The effects of a conditioning stimulus provided as cold pressor test on the conditioned pain modulation of healthy persons based on the subjective experience of pain

Dekker, M.G. and de Haan, J.S. and Malki, A. and Willemse, I.H.J. (2016) The effects of a conditioning stimulus provided as cold pressor test on the conditioned pain modulation of healthy persons based on the subjective experience of pain.

Abstract:Chronic pain is burdening, both physically and psychologically. A special form is chronic post surgical pain. Since there are operations with up to 85% chance on chronic pain, research to a predictive value to generate chronic pain is important. The human body has its own mechanism for the prevention of pain perception, called Conditioned Pain Modulation (CPM). The performance of this mechanism is related to the development of chronic pain so further understanding of the subject is valuable. A painful conditioning stimulus (like a Cold Pressor Test, CPT) activates this modulation but there are also observations of inhibiting activity while the conditioning stimulus was not painful. Furthermore the behaviour in time of this effect and its reproducibility are not well known yet. The subjective pain experience is most important because this causes the inconvenience for the patient. This all leads to the question: What are the effects of a conditioning stimulus provided as Cold Pressor Test on the Conditioned Pain Modulation system of healthy persons on the basis of subjective experience of pain? A group of 22 healthy volunteers (50% male, 50% female) between the ages of 17 and 54 participated in this study. The study consisted of one session. For five of the 22 participants it were two identical sessions on two separate days to research reproducibility. All participants endured four CPTs, all until a different pain level. The painful CPTs (NRS 10, 6 and 4) were in 0-2C water and a painless one (NRS 0) in 33-34C. The order of NRS 6, 4 and 0 was randomized. Each CPT was preceded and followed by three electrical stimuli to determine the EPDT (Electrical Pain Detection Threshold) with the NociTrack. The participant self administered this current until the feeling became unpleasant. The difference between these EPDT values shows the CPM effect and can be compared to understand the differences between achieving different pain levels. To research behaviour in time, after the first CPT each 5 minutes the EPDT is measured again. For the main variable condition, NRS 10 differs signifcantly from NRS 6, 4 and 0. For the other main variable pre and post EPDT, the values differ significantly for all conditions except NRS 0. For the interaction effect between these variables, there is no significant value. By means of pairwise comparison is shown that the CPM effect is present but not deviating between the four conditions. From the second condition on, the CPTs were administered in randomised order. From this study can be concluded that the order is irrelevant. When separated for order the combined results for NRS 6, 4 and 0 are the same as when separated for condition. There seems to be a slight increase in relative difference in EPDT value in time, but it is pointed out that the change of EPDT in time is not significant. A factor that might play a role in this observation is habituation to the test stimulus. Earlier research mentions that there is still a CPM effect an one hour after the first conditioned stimulus is applied. This factor could also be a declaration that there is no significant difference in EPDT over time. Only one of the five participants shows reproducibility for the re-test at the four conditions with a deviation at NRS 10 and one participant shows a decrease when we compare the test and re-test to each other. Most participants show a decrease of the CPM effect when we compare the test and the re-test at the five different times after CPT 1. The group of five participants is to small in order to give reliable results. Further research is needed with at least 15 participants.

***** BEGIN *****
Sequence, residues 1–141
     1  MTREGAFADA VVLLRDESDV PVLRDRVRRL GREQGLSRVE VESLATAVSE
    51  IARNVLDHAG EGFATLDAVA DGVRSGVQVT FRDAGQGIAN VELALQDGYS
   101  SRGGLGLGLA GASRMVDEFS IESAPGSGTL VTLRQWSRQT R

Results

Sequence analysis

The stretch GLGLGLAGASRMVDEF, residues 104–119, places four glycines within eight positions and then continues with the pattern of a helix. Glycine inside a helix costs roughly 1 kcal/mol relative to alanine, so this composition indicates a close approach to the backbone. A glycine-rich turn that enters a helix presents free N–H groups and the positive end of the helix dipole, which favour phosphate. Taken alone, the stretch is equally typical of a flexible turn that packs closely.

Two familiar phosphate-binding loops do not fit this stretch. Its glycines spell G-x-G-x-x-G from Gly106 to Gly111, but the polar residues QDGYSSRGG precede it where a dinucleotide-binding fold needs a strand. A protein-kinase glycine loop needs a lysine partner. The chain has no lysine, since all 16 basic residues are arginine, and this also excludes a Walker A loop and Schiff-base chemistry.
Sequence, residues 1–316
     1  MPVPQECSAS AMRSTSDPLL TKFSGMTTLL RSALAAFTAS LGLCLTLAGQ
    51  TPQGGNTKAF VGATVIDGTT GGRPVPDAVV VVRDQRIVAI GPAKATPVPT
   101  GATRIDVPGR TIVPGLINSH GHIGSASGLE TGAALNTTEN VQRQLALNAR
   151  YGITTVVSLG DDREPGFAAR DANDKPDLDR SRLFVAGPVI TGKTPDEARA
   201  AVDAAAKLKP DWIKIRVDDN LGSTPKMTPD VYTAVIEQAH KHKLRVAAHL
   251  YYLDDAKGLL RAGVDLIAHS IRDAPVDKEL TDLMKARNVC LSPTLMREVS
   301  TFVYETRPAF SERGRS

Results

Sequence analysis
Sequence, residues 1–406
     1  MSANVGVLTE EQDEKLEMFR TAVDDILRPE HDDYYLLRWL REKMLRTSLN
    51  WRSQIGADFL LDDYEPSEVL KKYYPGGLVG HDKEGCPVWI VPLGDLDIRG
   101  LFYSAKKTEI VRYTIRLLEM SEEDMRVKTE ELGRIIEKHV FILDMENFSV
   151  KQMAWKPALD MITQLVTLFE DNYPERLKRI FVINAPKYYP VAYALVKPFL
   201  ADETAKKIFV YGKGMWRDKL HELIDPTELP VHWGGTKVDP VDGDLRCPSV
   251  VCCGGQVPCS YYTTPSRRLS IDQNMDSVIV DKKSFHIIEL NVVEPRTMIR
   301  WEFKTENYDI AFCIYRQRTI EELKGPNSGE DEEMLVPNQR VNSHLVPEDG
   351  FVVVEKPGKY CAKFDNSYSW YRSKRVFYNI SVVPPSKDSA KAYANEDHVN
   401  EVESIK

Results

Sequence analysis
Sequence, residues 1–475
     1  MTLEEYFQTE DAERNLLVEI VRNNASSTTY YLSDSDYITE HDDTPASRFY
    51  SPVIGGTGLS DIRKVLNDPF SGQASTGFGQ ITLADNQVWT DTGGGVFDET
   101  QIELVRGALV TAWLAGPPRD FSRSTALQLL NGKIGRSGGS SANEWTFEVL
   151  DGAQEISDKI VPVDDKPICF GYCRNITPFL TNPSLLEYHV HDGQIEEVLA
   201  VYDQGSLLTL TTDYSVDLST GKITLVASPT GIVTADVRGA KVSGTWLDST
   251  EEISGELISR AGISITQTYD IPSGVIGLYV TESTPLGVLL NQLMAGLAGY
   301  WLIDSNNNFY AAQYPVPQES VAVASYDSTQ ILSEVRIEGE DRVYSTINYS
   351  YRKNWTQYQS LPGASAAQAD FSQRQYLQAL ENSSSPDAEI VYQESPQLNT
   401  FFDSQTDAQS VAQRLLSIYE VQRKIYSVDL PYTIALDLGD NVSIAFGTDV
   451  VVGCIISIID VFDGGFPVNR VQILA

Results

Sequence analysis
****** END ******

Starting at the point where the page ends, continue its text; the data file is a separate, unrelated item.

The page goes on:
Item Type:Essay (Bachelor)
St. Antonius Nieuwegein, Nieuwegein, Nederland
Faculty:TNW: Science and Technology
Subject:44 medicine
Programme:Technical Medicine BSc (50033)
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